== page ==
Sunday Book Promo and Vignettes by Luke, Mary Catelli and ‘Nother Mike


Sunday Book Promo

*Note these are books sent to us by readers/frequenters of this blog.  Our bringing them to your attention does not imply that we’ve read them and/or endorse them, unless we specifically say so.  As with all such purchases, we recommend you download a sample and make sure it’s to your taste.  If you wish to send us links to books for next week’s promo, please email to bookpimping at outlook dot com.  One book per author per week. Amazon links only. Please do not send me: the entire book; book descriptions; or newsletters.  JUST send me the Amazon link-SAH*


FROM PETER GRANT:  The Pride of the Damned (Cochrane’s Company Book 3).

The shadow war started as a simple contract to defend a system against asteroid thieves. The harder Andrew Cochrane and Hawkwood Security fought, the worse things became. Now they find themselves embroiled in an interstellar war with an entire mafia!

Worse yet, the proceedings are so profitable – not to mention bloody – that they’ve attracted the attention of some of the worst criminal organizations in the galaxy. If Hawkwood is to survive, it’ll need all the wits, cunning and ingenuity it can muster – and the unwavering courage and dedication of its people.

The galaxy’s not big enough for both sides. One or the other will go to the wall.



FAA attorney Terrence Rogers dreams of space, but he spends his days on informed consent for space tourists. Young foreign service officer Hal Cooper faces real change with the arrival of an alien spaceship, but it means something else for Terrence.

A short story.


FROM ALMA T C BOYKIN: The Scavenger’s Gift

Of all the gods, men fear the Scavenger the most. Wise men and women take pains to avoid His notice.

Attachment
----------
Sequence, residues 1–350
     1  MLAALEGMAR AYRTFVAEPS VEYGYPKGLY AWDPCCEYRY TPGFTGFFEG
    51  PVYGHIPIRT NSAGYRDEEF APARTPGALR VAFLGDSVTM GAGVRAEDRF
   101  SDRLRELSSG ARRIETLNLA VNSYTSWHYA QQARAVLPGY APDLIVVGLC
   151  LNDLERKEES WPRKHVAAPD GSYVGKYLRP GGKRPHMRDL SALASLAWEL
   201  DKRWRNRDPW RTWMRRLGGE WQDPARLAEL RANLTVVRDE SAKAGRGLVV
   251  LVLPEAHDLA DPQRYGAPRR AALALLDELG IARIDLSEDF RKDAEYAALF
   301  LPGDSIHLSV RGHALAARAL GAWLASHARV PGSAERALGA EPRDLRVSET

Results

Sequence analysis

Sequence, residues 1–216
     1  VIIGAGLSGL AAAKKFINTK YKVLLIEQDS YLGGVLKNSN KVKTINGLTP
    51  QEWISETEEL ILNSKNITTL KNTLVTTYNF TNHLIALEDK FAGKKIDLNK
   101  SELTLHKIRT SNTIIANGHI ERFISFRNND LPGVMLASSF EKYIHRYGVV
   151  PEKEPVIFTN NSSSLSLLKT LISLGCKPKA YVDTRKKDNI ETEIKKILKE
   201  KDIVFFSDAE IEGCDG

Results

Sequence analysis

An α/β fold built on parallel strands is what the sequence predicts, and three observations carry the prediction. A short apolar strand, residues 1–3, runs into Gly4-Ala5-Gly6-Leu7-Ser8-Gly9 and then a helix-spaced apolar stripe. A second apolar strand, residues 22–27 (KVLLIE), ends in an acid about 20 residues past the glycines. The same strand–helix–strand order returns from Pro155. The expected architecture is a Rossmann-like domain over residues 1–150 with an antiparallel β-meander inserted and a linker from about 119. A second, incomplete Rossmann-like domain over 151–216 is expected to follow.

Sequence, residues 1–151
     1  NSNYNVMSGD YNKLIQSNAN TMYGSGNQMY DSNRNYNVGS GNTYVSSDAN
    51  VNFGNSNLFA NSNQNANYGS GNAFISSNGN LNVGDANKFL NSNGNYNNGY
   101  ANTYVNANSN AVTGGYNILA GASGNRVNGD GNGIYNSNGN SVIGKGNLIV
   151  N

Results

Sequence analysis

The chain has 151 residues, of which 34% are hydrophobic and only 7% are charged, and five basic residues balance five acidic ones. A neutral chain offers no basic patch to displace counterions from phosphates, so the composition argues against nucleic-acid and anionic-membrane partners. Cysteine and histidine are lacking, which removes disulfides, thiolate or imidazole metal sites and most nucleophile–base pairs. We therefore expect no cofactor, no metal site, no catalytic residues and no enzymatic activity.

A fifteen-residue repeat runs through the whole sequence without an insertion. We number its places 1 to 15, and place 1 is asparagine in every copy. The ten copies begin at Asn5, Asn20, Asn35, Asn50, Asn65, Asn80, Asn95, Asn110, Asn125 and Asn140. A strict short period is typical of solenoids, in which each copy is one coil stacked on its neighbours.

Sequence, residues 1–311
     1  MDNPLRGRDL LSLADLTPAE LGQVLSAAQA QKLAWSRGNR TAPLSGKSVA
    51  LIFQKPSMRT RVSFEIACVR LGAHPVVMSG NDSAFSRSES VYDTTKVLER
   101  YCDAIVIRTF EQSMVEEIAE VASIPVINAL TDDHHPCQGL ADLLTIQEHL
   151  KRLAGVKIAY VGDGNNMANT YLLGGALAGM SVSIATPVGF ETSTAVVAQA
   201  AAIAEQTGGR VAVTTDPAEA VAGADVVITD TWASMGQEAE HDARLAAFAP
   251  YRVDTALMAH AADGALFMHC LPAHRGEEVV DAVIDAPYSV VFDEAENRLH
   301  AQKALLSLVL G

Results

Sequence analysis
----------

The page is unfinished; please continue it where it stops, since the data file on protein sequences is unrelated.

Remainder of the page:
When Osbert Manns’hillda ventures into the mine called Scavenger’s Gift, the Dark One takes notice. Or does he?

Short story: 5000 words


FROM ROB HOBART:  The Sword of Amatsu (Empire of the Sun and Moon Book 1).

For four centuries, the Empire of the Sun and Moon has been torn apart by war as its samurai Clans fight for the empty throne of the Emperors. The Gray Wolf Clan is one of only six Clans remaining, but faces a deadly threat from the more powerful and ruthless Jade Dragon Clan. Yet the greatest threat to the Empire is not the bloody ambitions of its samurai. The shadowy followers of the Cult of the Mask, worshippers of foreign demons, burrow through the Empire’s society like worms in rotten meat, growing in power year by year.

As battles rage and conspiracies fester, the fate of the Empire will turn on the actions of a handful of samurai. The young lord Ookami Akira, trained by monks to be a master of war but desperately ignorant of the Empire’s civilization, must learn to be the ruler of the Gray Wolf Clan or he and his people will perish. Kuroi Kaede, a naïve girl forced into an unwilling marriage to Akira, must master the courts if she is to survive. The lowly magistrate Kobayashi Mitsui is the only one in the Empire who recognizes the true scale of the threat from the Cult of the Mask. And the murderous wandering swordsman Kenji may hold the fate of all in his blood-stained hands…